The last chapter “Quiete e redenzione del domani” (Quiet and redemption of the future) begins with “Nel crepuscolo” (At dusk). A drum roll and some hard guitar riffs soon give way to a calmer, dreamy passage and to some sax notes that seem glancing towards the sky. The sundown inspires reflections about a dying day while you are searching for your way that time hides. On the following track, “La notte” (The night), the rhythm rises again and shadows start dancing as witches in a black Sabbath. The wind shakes you and you have to fight your demons without regrets. The complex instrumental “L'alba del nuovo giorno” (Dawn of the new day) describes a desperate running along the path of knowledge and the rediscovery of life while the last track, “This is what we've got: the Flute Song” is sung in English and marks the palingenesis of your soul describing a kind of spiritual rebirth that makes you live in harmony with your ancestors... “In the theatre of life everything can become a tragedy... History rests chained in the past, and then reborn... And this is what we've got!”.

To be honest the lyrics are not the strength of this album and I find the concept not completely convincing. In my opinion the plot is a bit confused and your imagination has to fill all the gaps. Well, maybe the art cover by Federico Caprai describes the atmosphere of this album better than my words, anyway the music is really good and I think that this album really deserves a try!

Ornithos: La trasfigurazione (2012). Other opinions:
Jim Russell: This is music for lovers of the craft, not product for quick consumption. An adventure with emotional highs and lows. And that is where Ornithos ties back to Medusa...both take you on adventures... (read the complete review HERE).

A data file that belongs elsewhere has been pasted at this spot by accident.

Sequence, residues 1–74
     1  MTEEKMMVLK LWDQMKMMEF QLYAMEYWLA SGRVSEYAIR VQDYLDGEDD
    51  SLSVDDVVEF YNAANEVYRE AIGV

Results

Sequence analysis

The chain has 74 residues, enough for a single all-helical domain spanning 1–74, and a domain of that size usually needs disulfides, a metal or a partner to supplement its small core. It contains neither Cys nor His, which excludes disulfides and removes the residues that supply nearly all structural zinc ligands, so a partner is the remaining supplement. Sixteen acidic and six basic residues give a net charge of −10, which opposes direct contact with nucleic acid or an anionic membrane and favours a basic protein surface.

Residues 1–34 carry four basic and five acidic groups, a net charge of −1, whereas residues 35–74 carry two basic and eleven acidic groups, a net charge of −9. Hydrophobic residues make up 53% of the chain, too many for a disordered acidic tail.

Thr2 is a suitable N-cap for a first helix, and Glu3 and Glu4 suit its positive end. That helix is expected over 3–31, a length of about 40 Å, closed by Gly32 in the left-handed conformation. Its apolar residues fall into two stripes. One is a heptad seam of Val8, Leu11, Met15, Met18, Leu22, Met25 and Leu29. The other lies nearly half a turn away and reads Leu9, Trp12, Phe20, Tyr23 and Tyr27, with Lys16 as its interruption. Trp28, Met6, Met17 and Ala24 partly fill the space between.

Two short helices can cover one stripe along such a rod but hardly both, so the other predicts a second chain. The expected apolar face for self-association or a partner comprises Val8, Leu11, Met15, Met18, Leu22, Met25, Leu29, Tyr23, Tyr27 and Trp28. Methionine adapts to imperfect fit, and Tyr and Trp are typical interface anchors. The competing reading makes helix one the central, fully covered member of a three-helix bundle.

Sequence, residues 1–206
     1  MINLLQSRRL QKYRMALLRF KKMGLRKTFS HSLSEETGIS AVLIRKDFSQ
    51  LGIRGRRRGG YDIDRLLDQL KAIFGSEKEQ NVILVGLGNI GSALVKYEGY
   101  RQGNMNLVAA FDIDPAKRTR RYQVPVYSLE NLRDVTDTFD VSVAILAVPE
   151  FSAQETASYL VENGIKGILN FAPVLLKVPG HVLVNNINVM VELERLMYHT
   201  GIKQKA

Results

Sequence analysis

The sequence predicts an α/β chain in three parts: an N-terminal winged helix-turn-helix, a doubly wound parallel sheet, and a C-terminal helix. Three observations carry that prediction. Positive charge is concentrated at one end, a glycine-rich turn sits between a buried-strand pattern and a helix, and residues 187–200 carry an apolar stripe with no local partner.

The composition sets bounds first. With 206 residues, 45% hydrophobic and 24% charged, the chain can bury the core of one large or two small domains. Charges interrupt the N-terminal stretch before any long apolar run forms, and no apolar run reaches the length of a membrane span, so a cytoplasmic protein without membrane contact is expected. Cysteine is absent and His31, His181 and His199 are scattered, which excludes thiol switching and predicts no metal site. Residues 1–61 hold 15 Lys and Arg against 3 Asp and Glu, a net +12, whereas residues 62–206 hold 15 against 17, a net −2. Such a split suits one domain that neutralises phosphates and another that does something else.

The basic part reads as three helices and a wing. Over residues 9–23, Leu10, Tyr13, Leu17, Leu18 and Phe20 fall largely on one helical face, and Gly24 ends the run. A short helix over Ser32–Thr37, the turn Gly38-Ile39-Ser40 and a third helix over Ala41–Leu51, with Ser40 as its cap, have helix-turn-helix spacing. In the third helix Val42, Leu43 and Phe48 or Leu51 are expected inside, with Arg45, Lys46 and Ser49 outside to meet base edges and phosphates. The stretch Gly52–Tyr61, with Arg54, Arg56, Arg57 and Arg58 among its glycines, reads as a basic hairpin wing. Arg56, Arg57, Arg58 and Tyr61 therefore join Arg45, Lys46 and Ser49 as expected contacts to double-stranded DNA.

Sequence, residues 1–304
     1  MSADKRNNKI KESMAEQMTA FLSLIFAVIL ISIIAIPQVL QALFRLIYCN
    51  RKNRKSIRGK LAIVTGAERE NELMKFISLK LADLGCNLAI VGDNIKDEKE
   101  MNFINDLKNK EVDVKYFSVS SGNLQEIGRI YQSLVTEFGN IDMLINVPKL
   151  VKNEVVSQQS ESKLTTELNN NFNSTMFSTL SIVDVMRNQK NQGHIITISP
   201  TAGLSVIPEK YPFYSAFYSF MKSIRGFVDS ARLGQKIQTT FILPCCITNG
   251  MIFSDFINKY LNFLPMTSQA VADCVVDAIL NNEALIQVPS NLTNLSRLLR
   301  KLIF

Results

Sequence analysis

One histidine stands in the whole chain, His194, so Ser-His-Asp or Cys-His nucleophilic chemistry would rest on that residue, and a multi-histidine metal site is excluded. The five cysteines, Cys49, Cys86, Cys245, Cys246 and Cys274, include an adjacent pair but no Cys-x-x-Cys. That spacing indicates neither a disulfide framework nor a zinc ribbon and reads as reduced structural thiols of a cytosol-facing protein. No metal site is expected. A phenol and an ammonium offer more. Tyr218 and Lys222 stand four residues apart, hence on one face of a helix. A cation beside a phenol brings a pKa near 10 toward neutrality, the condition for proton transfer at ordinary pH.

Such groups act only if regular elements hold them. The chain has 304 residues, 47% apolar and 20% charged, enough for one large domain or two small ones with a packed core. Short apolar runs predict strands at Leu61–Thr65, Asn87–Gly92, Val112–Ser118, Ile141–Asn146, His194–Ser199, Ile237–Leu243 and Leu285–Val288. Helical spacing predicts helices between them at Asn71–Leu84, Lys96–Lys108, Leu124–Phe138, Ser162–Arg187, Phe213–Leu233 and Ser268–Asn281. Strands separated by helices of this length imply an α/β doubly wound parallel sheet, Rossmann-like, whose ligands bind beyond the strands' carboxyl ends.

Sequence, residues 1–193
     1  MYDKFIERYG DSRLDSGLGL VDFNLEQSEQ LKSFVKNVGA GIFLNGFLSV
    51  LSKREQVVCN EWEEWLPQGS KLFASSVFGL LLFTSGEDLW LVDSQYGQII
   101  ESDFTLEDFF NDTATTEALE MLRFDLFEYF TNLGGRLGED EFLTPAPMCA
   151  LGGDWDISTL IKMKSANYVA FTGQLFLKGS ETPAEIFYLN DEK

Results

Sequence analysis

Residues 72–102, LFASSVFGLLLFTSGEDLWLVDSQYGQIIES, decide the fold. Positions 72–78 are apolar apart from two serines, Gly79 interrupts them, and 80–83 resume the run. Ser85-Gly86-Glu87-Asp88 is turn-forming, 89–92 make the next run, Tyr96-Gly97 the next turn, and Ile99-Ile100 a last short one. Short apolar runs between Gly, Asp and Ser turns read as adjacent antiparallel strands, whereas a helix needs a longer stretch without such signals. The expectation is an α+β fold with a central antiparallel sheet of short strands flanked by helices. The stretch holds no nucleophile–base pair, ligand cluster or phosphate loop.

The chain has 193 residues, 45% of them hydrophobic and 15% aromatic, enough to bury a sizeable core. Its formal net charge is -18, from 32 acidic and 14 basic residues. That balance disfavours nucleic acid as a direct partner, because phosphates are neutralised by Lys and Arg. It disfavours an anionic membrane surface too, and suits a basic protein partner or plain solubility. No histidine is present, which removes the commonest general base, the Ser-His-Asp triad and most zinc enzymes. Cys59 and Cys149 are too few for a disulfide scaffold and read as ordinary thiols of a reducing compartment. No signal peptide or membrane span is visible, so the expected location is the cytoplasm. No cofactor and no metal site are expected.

Raffaella Benvenuto-Berry: Eclecticism is the name of the game on La Trasfigurazione, an album that honours the golden age of Italian prog while at the same time searching for new avenues of expression... As is the case with most Italian progressive rock, La Trasfigurazione can be somewhat of an acquired taste, and definitely not for those who favour a minimalistic approach. Musically speaking, even if the album might command the controversial “retro” tag, there is also a sense of modernity in the band’s omnivorous approach which pushes Ornithos’ sound into the 21st century. True, the album occasionally comes across as a tad overambitious when it wants to cram too many ideas into a limited running time of 56 minutes. However, this is a band that possesses talent in spades, and La Trasfigurazione will make a strong impression on lovers of everything RPI – as well as providing a fine complement to Il Bacio della Medusa’s newly released third album, Deus Lo Vult... (read the complete review HERE).